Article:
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The fruit sublime

(article, Deborah Madison)

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It’s 2 a.m. and I’m lying awake, thinking about fruit. In particular, about American fruit, about how disappointing it is and what it takes for fruit to be sublime. 

This is the kind of thing I ponder in the wee hours — this and global warming, fire, drought, flood, and the tyranny of cell phones. But lately it’s mostly been fruit, because I am finishing a book on fruit-based desserts, which means I am testing fruit-centric recipes daily.

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Yesterday I made a frangipane-and-peach galette, a dish I enjoyed in early June at a Slow Food brunch in Chico, California. It was one of those desserts that’s so amazingly good, you're almost willing to make a complete pig out of yourself in front of others. “This has got to be in the book!” I thought, and Marianne Brenner kindly shared her recipe. 

In the high desert, where I live, we might not see peaches until late July or even August, or we might not see them at all. Like other regions elsewhere, we had a prolonged, cold spring that effectively nixed the fruit crop. I asked a peach grower at the farmers' market if he’d have fruit this year. “Maybe two bushels out of 600 trees,” he sighed. 

There will be pretty much no local fruit this year, so my recourse for recipe testing has been the supermarket — my least favorite source for fruit.

I don’t want to disparage the supermarket, but it is consistently disappointing. Fruit is rock hard and has no perfume. Names are reduced to simplistic colors — red plums, white peaches. Shoppers drop this pretty-but-dead fruit into plastic bags without bringing it to their noses first to read its promise, because there’s nothing to read.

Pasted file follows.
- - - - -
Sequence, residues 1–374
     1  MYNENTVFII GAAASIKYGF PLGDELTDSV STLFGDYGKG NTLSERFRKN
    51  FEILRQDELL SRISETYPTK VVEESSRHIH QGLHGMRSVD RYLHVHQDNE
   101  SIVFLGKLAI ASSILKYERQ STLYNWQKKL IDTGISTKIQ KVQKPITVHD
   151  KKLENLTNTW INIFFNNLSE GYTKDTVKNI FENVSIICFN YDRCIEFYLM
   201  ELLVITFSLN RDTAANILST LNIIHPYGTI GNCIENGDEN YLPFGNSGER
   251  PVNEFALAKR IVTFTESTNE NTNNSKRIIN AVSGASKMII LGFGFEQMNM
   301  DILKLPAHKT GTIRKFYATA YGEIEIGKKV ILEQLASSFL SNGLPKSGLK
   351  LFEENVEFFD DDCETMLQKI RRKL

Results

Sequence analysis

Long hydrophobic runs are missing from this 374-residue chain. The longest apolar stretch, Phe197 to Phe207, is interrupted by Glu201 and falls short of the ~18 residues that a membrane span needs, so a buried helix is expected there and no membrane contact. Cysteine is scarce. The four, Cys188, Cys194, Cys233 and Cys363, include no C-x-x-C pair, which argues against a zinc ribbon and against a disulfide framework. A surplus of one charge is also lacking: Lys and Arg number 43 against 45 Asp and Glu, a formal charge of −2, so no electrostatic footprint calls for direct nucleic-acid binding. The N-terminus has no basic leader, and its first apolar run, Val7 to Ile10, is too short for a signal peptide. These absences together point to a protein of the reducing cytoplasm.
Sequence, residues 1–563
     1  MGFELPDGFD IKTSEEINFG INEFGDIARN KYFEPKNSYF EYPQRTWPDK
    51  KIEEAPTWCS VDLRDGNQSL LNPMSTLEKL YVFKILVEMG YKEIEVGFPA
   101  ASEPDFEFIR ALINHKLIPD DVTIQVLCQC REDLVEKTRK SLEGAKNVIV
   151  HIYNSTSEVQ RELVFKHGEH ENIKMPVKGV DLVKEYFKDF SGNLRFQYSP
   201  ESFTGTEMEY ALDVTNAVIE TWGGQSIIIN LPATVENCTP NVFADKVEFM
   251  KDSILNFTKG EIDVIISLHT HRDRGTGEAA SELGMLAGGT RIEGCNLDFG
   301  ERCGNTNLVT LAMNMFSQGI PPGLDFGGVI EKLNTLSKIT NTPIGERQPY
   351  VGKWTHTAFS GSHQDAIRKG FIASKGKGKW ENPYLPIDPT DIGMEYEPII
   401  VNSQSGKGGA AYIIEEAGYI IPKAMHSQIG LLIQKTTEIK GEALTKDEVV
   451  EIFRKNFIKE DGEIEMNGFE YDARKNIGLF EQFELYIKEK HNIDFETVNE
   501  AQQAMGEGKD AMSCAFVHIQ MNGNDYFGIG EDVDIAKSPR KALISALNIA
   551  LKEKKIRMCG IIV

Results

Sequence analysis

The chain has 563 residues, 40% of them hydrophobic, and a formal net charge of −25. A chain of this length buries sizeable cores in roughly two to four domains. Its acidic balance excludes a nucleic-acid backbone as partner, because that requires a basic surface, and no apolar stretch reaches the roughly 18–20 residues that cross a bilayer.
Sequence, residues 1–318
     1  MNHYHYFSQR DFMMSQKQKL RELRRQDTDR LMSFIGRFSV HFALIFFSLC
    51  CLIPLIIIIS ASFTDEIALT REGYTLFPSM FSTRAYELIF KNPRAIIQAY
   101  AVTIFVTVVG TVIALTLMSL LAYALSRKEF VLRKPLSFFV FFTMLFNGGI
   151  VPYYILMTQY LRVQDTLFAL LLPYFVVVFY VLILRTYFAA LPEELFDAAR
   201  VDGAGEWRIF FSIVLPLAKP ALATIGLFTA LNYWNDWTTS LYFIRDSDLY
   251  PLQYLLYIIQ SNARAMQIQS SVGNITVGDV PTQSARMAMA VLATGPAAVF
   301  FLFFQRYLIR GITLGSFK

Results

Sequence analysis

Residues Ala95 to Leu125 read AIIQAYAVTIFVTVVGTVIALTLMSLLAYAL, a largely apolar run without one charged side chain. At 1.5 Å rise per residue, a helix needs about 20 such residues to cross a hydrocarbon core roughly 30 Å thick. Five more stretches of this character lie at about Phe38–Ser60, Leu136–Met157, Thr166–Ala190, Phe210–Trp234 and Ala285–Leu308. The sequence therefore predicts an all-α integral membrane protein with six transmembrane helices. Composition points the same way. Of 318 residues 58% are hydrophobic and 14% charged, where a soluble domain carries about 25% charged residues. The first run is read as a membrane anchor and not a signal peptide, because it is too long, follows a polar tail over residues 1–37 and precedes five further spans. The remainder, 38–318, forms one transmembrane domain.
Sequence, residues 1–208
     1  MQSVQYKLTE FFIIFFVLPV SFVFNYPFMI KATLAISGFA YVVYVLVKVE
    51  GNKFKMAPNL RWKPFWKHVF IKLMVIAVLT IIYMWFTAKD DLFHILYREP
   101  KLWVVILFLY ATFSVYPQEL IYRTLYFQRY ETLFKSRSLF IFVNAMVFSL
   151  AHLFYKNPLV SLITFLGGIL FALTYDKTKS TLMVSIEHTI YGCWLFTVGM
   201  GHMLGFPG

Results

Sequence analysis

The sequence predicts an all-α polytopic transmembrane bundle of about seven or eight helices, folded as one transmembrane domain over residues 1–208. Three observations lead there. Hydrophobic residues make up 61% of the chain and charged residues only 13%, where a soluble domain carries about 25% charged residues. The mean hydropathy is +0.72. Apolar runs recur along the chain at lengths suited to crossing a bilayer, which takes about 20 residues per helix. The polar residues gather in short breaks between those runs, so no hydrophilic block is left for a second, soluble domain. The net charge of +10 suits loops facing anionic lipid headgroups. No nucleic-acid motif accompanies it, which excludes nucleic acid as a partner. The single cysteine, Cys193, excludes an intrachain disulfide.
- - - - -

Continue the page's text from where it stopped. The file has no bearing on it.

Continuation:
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The peaches I bought for my galette looked gorgeous. They were some new variety that has smooth, nectarine-like skin with a bright red uniform blush, since the marketing folks know that people do reach for red. I spent a lot of time searching for four peaches that had some promise. 

Once home, I tasted one. It was curiously tart, as in unripe. And fermented, as in overripe. And mushy. But I had no choice; the book is due soon. 

I made the dough and the frangipane and assembled and finally baked my galette. It looked beautiful. But when my husband and I took a bite, we both looked at each other. 

“It tastes like nothing!” he said, speaking my thoughts exactly. Like nothing at all. All that work, time, and butter, and it was like eating shadows. 

And that’s why I was up at 2 a.m., thinking about fruit. 

Marianne’s almond paste was made from her own almonds, and the peaches were grown down the road. And therein lies the clue. More than any other food, fruit should drag you out of your house to shop at your farmers' market or farm stand. Or even to grow your own. Because good fruit just doesn’t travel. 

Well, maybe some does, but stone fruits and figs and berries — the most delicate and delicious fruits of summer — don’t. They’re meant to be eaten close to where they grow.